Barnes
v.
Hennepin Cty. Dist. Atty. off

United States Court of Appeals, Eighth CircuitFeb 5, 2010
364 Fed. Appx. 301 (8th Cir. 2010)

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No. 09-2458.

Submitted: February 2, 2010.

Filed: February 5, 2010.

Appeal from the United States District Court for the District of Minnesota.

Before BYE, RILEY, and SHEPHERD, Circuit Judges.


[UNPUBLISHED]


PER CURIAM.

Minnesota inmate DeAndre Barnes (Barnes) appeals the district court's dismissal with prejudice of his 42 U.S.C. § 1983 action against the Hennepin County District Attorney's Office and two of its prosecutors (defendants) for allegedly violating his due process rights under Brady v. Maryland, 373 U.S. 83, 83 S.Ct. 1194, 10 L.Ed.2d 215 (1963), by refusing to provide him with post-conviction access to witness statements. The district court granted defendants' motion to dismiss, concluding Barnes had failed to state a claim upon which relief could be granted. On appeal, Barnes argues the district court erred in dismissing his due process claim and abused its discretion in denying his motion for appointment of counsel. In addition, he attempts for the first time to articulate claims under the First, Sixth, and Eighth Amendments, and requests a refund of his filing fees.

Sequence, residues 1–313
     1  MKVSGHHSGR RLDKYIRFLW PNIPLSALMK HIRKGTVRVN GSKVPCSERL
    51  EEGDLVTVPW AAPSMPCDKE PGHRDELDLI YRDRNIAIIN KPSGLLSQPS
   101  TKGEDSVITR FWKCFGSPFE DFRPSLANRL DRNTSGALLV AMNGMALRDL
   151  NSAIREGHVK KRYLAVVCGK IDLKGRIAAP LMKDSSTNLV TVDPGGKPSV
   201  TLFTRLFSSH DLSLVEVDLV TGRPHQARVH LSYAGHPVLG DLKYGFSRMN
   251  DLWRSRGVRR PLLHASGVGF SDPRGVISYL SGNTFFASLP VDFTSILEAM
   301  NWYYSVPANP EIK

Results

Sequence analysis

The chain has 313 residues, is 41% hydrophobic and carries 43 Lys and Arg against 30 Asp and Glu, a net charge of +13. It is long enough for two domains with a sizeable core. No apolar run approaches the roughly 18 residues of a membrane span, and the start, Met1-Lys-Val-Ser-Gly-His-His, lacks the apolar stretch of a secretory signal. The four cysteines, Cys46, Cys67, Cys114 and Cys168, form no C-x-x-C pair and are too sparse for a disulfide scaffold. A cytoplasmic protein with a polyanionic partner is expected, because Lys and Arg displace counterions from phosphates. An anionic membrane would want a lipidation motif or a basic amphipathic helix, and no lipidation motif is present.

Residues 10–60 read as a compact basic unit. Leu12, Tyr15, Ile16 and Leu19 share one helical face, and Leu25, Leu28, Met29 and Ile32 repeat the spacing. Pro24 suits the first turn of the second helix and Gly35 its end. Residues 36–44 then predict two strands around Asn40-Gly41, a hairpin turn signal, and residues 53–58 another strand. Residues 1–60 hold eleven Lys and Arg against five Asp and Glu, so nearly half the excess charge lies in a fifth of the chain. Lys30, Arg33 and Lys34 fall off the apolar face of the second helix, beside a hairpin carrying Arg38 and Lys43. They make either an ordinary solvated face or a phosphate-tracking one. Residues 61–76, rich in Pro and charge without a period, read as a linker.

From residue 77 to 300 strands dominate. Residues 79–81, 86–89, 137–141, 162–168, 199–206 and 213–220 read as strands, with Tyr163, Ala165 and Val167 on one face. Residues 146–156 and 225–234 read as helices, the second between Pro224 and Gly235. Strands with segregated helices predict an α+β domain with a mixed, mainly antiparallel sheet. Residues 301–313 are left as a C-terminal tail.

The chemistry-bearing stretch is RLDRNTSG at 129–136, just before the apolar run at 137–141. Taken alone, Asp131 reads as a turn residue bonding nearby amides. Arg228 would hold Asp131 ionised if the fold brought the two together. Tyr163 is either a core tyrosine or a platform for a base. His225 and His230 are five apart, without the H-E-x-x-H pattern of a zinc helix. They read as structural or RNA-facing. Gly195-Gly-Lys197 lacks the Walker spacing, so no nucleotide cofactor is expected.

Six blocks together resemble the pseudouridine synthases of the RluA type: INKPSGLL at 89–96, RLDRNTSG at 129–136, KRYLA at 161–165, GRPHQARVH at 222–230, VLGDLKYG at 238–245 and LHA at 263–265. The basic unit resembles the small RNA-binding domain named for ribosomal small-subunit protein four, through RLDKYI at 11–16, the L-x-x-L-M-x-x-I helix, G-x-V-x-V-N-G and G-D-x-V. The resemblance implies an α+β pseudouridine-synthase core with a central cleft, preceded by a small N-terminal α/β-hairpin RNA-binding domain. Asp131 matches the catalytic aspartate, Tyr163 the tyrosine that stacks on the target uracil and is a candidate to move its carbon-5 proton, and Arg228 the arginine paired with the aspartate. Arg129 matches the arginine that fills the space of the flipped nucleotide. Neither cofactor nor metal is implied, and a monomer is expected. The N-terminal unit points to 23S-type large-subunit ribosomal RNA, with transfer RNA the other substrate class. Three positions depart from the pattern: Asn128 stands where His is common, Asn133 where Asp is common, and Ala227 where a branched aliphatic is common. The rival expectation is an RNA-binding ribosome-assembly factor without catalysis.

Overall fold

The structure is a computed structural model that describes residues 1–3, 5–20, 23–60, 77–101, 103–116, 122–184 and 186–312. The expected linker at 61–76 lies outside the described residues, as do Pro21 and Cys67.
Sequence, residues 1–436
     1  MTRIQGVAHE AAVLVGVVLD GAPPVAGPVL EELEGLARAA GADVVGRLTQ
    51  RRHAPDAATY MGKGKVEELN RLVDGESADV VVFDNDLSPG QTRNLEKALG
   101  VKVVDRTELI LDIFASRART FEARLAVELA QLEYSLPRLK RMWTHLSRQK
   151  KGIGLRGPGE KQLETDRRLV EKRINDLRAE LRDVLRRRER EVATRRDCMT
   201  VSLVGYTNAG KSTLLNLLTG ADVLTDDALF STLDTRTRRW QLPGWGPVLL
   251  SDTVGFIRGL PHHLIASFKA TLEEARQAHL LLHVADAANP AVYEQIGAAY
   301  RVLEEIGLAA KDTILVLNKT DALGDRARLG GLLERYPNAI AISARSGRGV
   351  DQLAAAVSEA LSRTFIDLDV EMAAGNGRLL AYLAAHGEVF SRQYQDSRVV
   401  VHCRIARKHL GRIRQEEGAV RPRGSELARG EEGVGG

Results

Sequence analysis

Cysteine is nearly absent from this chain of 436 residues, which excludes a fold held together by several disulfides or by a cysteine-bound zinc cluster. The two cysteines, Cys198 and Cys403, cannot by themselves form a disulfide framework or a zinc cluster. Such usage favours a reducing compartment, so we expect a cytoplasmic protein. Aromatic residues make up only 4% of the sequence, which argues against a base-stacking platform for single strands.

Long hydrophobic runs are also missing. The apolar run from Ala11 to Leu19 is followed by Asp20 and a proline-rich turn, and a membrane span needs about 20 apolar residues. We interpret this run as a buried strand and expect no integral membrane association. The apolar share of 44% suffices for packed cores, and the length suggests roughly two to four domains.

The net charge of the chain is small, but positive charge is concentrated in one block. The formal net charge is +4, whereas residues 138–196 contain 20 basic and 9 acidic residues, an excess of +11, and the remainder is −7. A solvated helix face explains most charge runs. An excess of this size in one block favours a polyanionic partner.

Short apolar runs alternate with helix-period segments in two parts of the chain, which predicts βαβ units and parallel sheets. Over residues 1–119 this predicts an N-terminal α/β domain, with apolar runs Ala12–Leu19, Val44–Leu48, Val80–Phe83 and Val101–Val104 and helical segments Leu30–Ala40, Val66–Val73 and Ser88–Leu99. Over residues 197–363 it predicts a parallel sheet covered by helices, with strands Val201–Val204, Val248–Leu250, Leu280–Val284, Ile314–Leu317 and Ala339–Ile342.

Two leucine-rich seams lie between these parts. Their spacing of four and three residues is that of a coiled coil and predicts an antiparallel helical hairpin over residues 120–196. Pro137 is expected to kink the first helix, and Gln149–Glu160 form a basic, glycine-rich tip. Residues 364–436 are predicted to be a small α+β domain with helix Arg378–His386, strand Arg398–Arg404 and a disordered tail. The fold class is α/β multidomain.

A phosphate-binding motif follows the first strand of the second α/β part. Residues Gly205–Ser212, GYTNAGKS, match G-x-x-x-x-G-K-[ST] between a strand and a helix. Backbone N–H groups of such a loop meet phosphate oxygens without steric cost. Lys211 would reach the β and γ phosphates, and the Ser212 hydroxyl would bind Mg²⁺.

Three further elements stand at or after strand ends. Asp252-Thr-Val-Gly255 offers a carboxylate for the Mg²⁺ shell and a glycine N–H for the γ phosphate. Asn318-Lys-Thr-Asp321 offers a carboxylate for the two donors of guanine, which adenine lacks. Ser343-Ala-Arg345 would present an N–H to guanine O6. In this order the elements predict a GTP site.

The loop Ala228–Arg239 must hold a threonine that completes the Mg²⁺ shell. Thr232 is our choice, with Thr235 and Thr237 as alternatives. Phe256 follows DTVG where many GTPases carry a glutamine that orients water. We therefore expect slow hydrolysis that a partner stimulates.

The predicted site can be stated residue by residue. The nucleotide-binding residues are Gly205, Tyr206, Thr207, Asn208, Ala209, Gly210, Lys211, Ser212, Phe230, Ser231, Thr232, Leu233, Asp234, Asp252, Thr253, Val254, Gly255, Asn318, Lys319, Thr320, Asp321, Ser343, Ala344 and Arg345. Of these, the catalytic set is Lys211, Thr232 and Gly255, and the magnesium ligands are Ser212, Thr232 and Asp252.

The Honorable Joan N. Ericksen, United States District Judge for the District of Minnesota, adopting the report and recommendation of the Honorable Arthur J. Boylan, United States Magistrate Judge for the District of Minnesota.

Upon careful de novo review, see Schaaf v. Residential Funding Corp., 517 F.3d 544, 549 (8th Cir. 2008) (standard of review), we find the district court did not err in concluding Barnes had failed to state a due process claim. See Dist. Attorney's Office for the Third Judicial Dist. v. Osborne, 557 U.S. ___, 129 S.Ct. 2308, 2320, 174 L.Ed.2d 38 (2009) ("Osborne's right to due process is not parallel to a trial right, but rather must be analyzed in light of the fact that he has already been found guilty at a fair trial, and has only a limited interest in postconviction relief. Brady is the wrong framework."). We further hold the district court did not err in concluding Barnes's claims under the First, Sixth, and Eighth Amendments described no conduct by defendants that violated the rights secured by these constitutional provisions, and thus Barnes failed to state a claim as to each. See Gordon v. Hansen, 168 F.3d 1109, 1113 (8th Cir. 1999) (per curiam) (explaining, for a § 1983 claim to succeed, the plaintiff must show a causal relationship between the defendant's conduct and the deprivation of a constitutional right). Finally, we hold the district court did not abuse its discretion in denying Barnes's motion for appointment of counsel, see McCall v. Benson, 114 F.3d 754, 756 (8th Cir. 1997) (stating the standard of review and the factors to evaluate in determining the need for appointment of counsel), and we lack authority to refund Barnes's filing fees, cf. Porter v. Dept. of Treasury, 564 F.3d 176, 180 (3d Cir. 2009) (declaring an appellate court has no authority to waive in forma pauperis fees).

We affirm.